Gobar Times
Open Forum

How Estonians keep their noses clean…

As per the 2012 global air quality ranking by the World Health Organisation (WHO), Estonia has the world’s cleanest air. Before you start scratching your head and wondering where Estonia is on the world map, look at the picture on your right and soak in the freshness.

A walking trail through a protected nature reserve along the Ahja River, known as Taevaskoja, the ‘place where Heaven touches the ground’.

Done? Now, let us talk business. As per WHO’s statistics, Estonia, the beautiful Baltic nation, made of a cluster of islands, benefits from its low population density, superior climate conditions and strict control measures on air pollution. Sounds like heaven, does it not? Sorry, we are not offering  you a trip to this surreal land on the eastern shores of the Baltic Sea. What we shall do instead, is introduce you to Erik Bhullar, an Estonian citizen of Indian origin, who will help you understand, as he puts it, “how this little country has achieved so much.” Over to Erik. Yes , that is him in the picture (right) at Sääre, the south-west tip of Saaremaa, Estonia’s largest island.  
Erik-speak on Estonia

The ranking does not come as a surprise, considering that more than 50 per cent of Estonia (around 2.3 million hectares) is covered by forests. But, more than just the statistics, this factoid says a lot about the people of this country.
    The connection to the land is integral to Estonian culture and traditions, and is one of the key reasons in my mind why Estonians set such a value to sustainability.

Sense of ownership

The Estonians I have come to appreciate and admire have  a sense of ownership, personal responsibility and independence.
    Most Estonians decide to do things driven by  their own sensibility, rather than being prompted or pushed. They can be stubborn and unyielding, even inexpressive and gloomy in the midst of winter – probably why they like having a passionate and jovial Punjabi guy (me) around!  That said, just as still waters run deep, they are thoughtful and can be very perceptive. Their sense of ownership has created a culture that is more resilient and forward-thinking than most.
    A great example of this is the ’TeemeÄra’ (’Let’s Do It’) initiative that started in 2008 where 50,000 people volunteered to clean up 10,000 tonnes of garbage dumped illegally on roadsides, forests and towns.  
This initiative continues today and has inspired a global movement. No government pushing, no use of subtle force whatsoever by thrusting people with excessive taxes were required. People cleaned up because they wanted to.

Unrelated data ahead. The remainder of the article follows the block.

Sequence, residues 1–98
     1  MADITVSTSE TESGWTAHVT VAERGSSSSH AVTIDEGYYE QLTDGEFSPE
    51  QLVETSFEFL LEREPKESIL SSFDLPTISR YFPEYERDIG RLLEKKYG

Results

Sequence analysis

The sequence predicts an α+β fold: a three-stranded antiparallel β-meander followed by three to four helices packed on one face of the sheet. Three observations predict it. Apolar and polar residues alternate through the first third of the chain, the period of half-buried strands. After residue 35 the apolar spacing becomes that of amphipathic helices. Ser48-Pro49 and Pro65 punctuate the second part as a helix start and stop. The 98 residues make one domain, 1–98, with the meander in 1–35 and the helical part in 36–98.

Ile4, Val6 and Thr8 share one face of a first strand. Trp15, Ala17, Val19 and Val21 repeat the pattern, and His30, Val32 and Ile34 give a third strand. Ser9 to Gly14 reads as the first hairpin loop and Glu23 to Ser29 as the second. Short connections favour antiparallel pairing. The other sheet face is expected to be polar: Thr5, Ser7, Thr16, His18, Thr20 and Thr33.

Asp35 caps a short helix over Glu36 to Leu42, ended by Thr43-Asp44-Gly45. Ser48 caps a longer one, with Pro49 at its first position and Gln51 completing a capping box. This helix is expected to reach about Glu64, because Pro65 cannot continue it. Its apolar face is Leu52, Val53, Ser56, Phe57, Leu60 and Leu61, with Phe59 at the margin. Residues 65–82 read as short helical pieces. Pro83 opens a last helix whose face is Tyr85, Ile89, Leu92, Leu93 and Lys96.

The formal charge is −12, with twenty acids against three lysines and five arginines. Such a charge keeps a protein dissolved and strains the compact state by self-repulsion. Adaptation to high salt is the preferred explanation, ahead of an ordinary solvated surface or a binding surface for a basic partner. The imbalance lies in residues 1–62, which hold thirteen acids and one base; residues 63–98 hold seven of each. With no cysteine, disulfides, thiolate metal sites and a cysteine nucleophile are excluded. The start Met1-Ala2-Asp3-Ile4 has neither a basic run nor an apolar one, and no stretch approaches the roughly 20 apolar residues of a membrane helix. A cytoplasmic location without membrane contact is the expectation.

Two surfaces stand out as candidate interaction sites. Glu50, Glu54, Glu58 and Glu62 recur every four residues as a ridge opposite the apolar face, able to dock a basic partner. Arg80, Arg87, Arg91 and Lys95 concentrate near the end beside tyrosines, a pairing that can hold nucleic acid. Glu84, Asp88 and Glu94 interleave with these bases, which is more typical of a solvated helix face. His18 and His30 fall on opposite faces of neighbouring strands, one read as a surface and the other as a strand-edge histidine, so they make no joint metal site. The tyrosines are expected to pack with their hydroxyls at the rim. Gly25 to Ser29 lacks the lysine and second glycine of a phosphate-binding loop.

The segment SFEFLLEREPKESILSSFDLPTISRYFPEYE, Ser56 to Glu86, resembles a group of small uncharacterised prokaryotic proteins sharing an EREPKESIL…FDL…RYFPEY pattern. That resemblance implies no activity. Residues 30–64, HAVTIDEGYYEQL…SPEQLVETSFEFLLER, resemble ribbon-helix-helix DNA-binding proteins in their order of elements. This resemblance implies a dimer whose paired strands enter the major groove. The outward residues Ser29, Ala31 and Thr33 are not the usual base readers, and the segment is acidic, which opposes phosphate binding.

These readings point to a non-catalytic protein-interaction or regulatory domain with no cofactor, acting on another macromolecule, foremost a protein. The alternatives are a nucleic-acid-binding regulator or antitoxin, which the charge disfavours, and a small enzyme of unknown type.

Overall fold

Simple, eh? 

Wise ‘naturally’
Less than a third of the forests in Estonia are protected while the rest are commercially owned or have private owners. Regulations in Estonia exist to ensure sustainability of natural resources. But most Estonians enjoy and take pride in their natural treasures. State Forest Management Centres (RMK) provide a listing of places one can visit within the forests where various facilities are available such as fire/barbecue safe zones, walking trails and the like.

‘Healthy’ respect
    I find Estonians take ownership of and treat not just the environment, but their bodies too like a temple. They are very active sports people. Aside from being home to world-famous athletes, Estonia hosts marathons in the summer and cross-country skiing in the winter where both locals and people from nearby countries join in to participate. Fitness is not a fad here, it is a way of life – and they live by the phrase that ’those who sweat in practice do not bleed in battle’.
         There is a focus and commitment to mastery and self-improvement I’ve found in the people here that is self-directed. It needs no ‘inspiration’, praise, or cheer – it is unadulterated dedication.

Archery in the woods

Inspiring? Impossible? Wondering why we are telling you about a country so different from ours in its size, culture, ethos? What is your take away here? The fact that any effective action to protect the ‘Environment’ is only possible when the agenda becomes our ‘own’. We have to learn the right lessons. And Estonia can help us with some tips. Right?